Give us another film like Bruce Lee’s Enter the Dragon.
At one point, early in Bruce Lee’s 1972 karate classic-to-be, Enter the Dragon, British Intelligence recruiter “Braithwaite” offers Lee whiskey, which he refuses as though it contains all the weaknesses of Western culture. Braithwaite’s droopy shrug ‘n gulp response serves to confirm for the audience that one of these two knows some things the other doesn’t.
As Braithwaite reveals more of Enter the Dragon’s cloak-and-dagger intrigue, Lee suggests someone just go in and shoot the bad guy. Initially, the question seems like a no-brainer, but Braithwaite assures Lee that possession of a gun on an island off of Hong Kong is a whopper of a British Colonial no-no: if firearms were suspected, he seems to say, the Queen herself would arrive to tidy things up. Moreover, this particular bad guy, “Han,” suspects he could be assassinated at any moment, so he’s particularly sensitive. “Can’t really blame him,” Braithwaite reasons. “Any bloody fool can pull a trigger.”
That line, delivered by another character in another film or era, could easily have slipped past, unnoticed. But when Enter the Dragon was released in ’73, it changed the world – and I mean overnight. Western audiences, long accustomed to the action movie perspectives of white men with guns and horsies, were suddenly forced to recognize a mainstreaming of Asians and brown people. “Shaft” wasn’t going anywhere, and now he had badass company. A lot of us were ready to hang on Bruce Lee’s every word, especially since the man died strangely just a week before Enter the Dragon was released.
That event itself was a conspiratorial marvel that helped sell thousands of martial arts magazines, all of which promised to fuel the mystique of Lee’s legacy. By the time I was ten, my own stack of Black Belt and Inside Kung Fu magazines was tall enough to stand on – so I could paper my bedroom walls with Bruce Lee posters.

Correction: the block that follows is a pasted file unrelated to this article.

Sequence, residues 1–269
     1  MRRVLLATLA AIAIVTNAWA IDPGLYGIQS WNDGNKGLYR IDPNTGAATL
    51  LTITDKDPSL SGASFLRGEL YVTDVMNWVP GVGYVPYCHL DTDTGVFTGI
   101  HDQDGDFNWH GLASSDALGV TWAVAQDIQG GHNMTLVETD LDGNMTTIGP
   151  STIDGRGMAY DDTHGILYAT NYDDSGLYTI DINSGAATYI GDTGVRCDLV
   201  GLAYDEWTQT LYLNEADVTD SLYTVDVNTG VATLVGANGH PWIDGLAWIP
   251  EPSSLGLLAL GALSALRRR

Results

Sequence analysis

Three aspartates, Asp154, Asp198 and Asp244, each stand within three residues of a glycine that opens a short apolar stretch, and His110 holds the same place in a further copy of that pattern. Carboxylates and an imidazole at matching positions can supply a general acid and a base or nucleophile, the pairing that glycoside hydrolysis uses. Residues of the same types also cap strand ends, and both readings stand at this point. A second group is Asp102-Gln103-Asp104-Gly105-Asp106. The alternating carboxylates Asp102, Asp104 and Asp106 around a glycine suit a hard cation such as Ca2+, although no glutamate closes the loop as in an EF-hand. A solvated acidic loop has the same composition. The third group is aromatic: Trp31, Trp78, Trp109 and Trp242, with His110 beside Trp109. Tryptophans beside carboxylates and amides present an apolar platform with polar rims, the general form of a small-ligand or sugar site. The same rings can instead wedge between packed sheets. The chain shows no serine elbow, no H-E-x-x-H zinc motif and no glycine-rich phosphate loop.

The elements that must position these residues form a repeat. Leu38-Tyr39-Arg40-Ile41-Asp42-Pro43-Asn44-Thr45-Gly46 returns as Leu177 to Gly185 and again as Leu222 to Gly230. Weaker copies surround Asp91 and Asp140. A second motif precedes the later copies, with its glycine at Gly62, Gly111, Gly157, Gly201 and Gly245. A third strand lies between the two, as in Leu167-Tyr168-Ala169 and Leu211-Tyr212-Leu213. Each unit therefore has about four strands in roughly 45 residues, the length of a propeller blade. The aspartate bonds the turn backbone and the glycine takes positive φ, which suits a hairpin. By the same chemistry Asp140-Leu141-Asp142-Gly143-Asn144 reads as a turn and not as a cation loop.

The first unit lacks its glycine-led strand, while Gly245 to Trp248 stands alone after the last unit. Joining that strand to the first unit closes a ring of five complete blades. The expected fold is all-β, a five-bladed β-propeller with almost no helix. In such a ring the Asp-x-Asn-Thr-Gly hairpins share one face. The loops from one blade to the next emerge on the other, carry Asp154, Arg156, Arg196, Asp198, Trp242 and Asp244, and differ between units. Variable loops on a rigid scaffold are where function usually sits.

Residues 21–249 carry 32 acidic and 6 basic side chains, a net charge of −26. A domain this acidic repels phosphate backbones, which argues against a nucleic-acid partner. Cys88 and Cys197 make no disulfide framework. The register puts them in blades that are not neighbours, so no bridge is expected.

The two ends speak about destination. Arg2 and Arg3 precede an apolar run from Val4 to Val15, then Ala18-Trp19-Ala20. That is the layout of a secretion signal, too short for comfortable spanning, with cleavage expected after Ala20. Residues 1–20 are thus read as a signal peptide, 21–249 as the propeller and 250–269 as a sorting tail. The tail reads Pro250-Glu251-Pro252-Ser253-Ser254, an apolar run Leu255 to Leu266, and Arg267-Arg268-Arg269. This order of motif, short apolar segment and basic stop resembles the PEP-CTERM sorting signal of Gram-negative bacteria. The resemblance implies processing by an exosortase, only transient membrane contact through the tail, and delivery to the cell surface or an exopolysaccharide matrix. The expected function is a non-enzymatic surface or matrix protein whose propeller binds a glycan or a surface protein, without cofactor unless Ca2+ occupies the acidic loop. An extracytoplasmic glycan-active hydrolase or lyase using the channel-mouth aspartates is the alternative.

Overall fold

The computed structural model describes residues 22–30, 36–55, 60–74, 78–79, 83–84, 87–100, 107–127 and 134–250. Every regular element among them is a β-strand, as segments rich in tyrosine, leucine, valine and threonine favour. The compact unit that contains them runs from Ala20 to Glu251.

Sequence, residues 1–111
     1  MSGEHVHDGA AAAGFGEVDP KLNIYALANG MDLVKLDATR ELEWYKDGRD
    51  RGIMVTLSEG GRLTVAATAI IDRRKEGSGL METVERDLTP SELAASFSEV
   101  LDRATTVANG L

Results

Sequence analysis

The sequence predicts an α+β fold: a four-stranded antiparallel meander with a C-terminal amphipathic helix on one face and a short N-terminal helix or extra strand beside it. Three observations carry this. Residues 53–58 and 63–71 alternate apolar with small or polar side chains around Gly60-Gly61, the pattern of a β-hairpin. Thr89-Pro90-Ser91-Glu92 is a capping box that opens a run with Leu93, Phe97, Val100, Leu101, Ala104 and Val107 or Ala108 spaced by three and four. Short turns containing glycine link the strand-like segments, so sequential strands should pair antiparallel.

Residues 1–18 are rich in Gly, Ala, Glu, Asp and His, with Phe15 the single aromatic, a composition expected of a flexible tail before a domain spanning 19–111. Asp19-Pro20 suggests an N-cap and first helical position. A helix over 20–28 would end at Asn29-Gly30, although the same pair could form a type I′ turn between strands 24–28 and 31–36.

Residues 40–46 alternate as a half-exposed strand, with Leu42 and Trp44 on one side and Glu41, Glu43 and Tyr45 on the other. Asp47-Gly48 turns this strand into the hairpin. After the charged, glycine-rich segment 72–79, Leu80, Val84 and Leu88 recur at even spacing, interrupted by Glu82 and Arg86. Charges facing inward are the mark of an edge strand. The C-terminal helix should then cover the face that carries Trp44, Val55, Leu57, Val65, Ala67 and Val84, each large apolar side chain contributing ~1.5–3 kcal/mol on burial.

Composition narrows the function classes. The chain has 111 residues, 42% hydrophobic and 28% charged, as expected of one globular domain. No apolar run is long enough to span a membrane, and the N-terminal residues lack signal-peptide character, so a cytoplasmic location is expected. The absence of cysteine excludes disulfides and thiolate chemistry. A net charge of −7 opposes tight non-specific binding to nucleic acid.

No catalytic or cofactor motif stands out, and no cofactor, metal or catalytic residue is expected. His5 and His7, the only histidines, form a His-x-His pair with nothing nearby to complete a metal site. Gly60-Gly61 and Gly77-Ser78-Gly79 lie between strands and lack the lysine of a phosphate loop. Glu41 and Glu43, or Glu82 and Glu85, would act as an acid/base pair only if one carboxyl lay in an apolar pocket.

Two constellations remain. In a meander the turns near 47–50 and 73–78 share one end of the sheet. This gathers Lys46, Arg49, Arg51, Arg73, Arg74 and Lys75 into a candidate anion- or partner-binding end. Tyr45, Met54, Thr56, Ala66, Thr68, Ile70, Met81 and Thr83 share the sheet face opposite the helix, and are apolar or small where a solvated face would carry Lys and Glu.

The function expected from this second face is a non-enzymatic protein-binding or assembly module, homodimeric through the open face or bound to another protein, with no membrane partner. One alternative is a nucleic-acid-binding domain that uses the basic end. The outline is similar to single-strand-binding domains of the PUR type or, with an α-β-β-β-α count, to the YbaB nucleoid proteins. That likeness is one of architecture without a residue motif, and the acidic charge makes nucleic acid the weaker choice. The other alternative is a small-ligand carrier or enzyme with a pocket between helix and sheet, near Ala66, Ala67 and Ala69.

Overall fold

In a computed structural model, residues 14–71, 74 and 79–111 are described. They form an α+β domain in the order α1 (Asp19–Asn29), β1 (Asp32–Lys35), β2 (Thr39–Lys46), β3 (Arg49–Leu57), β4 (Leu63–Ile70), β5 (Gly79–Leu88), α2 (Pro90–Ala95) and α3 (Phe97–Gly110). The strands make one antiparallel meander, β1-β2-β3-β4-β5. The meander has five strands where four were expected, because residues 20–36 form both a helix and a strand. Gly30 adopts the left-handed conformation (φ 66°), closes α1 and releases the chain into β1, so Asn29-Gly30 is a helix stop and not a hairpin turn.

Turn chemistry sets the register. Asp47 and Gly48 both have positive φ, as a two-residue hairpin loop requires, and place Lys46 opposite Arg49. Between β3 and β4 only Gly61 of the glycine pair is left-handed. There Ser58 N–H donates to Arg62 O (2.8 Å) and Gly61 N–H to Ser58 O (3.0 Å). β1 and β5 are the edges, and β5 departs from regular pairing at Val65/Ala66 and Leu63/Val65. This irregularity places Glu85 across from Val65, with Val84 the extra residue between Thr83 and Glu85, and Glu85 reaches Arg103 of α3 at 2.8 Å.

From the pages of one such periodical, I ordered a Game of Death tracksuit, which my folks encouraged, as it was my first run at retail mail-order. I put it on as soon as it arrived and started sweating immediately: it was the scratchiest, lowest grade nylon imaginable, and it was too small. I felt like a sucker, but I buried it. I’d waited too long. Ill-fitting or not, within minutes I was walking right out the front door. And yes, I can still hear the laughter. Even worse were the erupting faces of the kids who held it back.
Yet there was hardly a kid around who didn’t relate, who didn’t engage in the debate over which martial art, artists, schools, and “training products” were the best. Or who could beat Bruce Lee. Plus there was always that linguistic biggie, the proper, “respectful” way to pronounce “numchucks.” That ain’t it, trust me, but you won’t actually get confirmation from the movie; despite its all-powerful use in the film, the weapon is never actually named. Enter the Dragon just isn’t formal or full of itself like that. Knowing head nods serve to highlight connections between the characters, and chins are often popped up to say hello or I get it.